The Washington state legislature has passed, and Washington state Governor Christine Gregoire signed, a new Office of Farmland Preservation in Washington—Senate Bill 5108.
This bill was a long time coming. With AFT’s help, Washington created a state program in 2002 authorizing the Washington State Conservation Commission to purchase agricultural conservation easements. But AFT was unable to secure funding to support this authority, so it languished. Between 2003 and 2005, AFT undertook a statewide effort to educate and build support for farmland protection within mainstream commercial agriculture in Washington. Then, in 2005, this hard work paid off. With critically important support from AFT and Washington Farm Bureau, the state made farmland protection a part of the highly respected Washington Wildlife and Recreation Program (WWRP)—a program that acquires lands important to the environment and to recreation. This year, with a highly successful effort, the WWRP program was funded at $100 million for the 2007-09 biennium which, given the percentage allowed for farmland easement purchases, will result in $9 million to spend on protecting agriculture over the next two years.
This is good, but still not sufficient to truly address the scope of the problem we face in Washington.
So when the governor and the legislature offered up SB 5108, farmland protection advocates were lined up and ready. There were misgivings among some fiscal conservatives, but strong support showed up at each of the public hearings on this legislation—support that came from a very broad coalition of farm groups, agriculture, community activists, environmentalists and managers of current county programs struggling to succeed.
The new office will have a staff of two, a two-year budget of $500,000, will be housed in the State Conservation Commission (which strongly and effectively supported it) and overseen by a “Farmland Preservation Task Force” made up of farmers, legislators and representatives of the state’s counties, the governor’s office, State Conservation Commission and conservation districts, the Department of Agriculture, NRCS and the Department of Community Trade and Economic Development.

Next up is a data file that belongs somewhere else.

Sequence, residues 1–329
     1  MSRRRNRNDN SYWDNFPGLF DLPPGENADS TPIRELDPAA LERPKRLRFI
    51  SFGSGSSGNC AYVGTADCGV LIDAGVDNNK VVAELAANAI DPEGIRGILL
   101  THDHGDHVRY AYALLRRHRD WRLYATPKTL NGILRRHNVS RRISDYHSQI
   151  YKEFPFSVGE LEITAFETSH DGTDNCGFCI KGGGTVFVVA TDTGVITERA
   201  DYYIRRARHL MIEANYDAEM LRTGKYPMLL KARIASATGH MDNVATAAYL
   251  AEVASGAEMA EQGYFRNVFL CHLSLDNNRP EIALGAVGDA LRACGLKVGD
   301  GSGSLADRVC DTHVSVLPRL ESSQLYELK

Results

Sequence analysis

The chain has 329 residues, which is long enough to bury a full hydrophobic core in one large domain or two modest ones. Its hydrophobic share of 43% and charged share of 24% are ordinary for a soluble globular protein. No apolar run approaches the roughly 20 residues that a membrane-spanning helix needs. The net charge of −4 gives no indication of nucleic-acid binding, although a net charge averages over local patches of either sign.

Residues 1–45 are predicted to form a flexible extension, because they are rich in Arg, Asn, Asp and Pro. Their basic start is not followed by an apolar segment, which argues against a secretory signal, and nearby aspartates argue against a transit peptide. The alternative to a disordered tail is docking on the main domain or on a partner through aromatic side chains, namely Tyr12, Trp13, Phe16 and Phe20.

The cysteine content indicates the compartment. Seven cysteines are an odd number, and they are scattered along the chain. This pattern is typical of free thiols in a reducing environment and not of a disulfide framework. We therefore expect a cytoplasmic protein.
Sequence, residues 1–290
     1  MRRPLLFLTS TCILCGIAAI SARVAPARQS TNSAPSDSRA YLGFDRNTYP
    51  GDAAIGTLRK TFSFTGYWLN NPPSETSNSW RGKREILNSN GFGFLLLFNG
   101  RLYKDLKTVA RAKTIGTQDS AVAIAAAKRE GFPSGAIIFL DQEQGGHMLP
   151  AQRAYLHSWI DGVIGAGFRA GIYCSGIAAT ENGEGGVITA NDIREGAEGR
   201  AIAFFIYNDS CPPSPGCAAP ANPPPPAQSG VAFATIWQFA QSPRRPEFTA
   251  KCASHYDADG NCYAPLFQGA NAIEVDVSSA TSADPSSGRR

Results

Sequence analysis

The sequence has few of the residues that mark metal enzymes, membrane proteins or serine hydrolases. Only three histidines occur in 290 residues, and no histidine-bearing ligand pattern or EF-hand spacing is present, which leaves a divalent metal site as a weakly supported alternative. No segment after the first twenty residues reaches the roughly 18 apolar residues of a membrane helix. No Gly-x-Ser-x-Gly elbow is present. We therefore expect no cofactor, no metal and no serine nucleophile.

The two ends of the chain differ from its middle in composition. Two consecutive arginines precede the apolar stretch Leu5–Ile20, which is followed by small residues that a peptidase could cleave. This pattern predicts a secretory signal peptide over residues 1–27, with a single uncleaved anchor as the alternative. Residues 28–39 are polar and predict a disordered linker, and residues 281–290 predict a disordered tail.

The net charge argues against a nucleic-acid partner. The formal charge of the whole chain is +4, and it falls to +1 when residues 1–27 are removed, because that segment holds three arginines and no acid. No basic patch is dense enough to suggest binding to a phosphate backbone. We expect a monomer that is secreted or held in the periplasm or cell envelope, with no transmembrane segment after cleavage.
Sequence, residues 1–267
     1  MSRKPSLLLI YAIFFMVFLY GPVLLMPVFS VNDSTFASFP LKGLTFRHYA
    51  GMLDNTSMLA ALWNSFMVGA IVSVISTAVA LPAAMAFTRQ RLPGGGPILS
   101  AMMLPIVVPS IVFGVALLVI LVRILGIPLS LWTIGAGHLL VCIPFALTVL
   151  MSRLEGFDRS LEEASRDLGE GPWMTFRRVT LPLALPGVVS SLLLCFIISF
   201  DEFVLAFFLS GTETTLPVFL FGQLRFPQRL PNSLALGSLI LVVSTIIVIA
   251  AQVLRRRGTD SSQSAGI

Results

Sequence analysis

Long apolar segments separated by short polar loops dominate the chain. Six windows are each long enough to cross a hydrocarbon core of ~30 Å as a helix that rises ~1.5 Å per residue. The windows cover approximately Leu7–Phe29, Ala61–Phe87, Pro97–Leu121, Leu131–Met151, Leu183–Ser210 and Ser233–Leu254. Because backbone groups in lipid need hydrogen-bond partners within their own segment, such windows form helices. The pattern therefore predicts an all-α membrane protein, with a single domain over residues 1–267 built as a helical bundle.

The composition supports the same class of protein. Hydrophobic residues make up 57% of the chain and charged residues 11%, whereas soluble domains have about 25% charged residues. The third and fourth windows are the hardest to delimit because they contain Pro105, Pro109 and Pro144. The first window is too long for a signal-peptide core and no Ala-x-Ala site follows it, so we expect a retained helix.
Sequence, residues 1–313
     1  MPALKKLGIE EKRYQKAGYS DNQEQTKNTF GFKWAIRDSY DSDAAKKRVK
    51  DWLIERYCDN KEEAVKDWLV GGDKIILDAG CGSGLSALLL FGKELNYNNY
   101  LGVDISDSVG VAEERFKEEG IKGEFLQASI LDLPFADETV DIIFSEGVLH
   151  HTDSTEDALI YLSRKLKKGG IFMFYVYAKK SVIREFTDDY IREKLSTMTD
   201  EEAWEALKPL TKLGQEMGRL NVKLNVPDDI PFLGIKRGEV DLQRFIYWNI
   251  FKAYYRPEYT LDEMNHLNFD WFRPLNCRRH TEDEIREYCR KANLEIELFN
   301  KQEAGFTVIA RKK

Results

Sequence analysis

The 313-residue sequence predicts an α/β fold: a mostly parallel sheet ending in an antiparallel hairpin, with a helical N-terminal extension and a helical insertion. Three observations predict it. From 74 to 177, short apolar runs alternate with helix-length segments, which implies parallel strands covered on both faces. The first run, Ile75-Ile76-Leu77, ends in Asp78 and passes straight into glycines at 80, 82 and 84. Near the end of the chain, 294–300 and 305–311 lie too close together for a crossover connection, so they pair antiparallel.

It will focus, for the next two years, on the following tasks:
- Developing credible, broadly supported recommendations for the use of agricultural easements;
- Identifying the factors that need to be corrected to reverse declines in agriculture;
- Developing programs and incentives to help keep farms viable and retain land in agriculture;
- Developing a process for grants to local communities for farmland protection;
- Providing technical assistance to local communities in developing their own farmland programs; and,
- Analysis for implementation of a farm transition program, including:
- Help with business plans;
- Help in facilitating transfers of properties so they stay in farming;
- Research and assistance on marketing, financial and agricultural transition issues;
- Begin creation of a transition program to help move land between generations;
- Serve as a clearinghouse for incentives programs to help make them more accessible to landowners and to the implementation community.
All this is obviously a tall order for two people, in two years, with a limited budget. But this legislation is also the first and best real opportunity yet to lay the foundation for a substantial farmland protection program in the state of Washington. There was a lot of interest in the legislature culminating from several years of AFT work to create a favorable political climate for action. It was very clear that the governor and legislators passed this bill with a serious underlying commitment to funding a program next year or the year after if this new office does a good job of showing the way.
AFT takes great pride in this new Office of Farmland Preservation, and we plan to work closely with its new staff to draw on this favorable climate of support to see some serious help for Washington’s farmers over the next few years.
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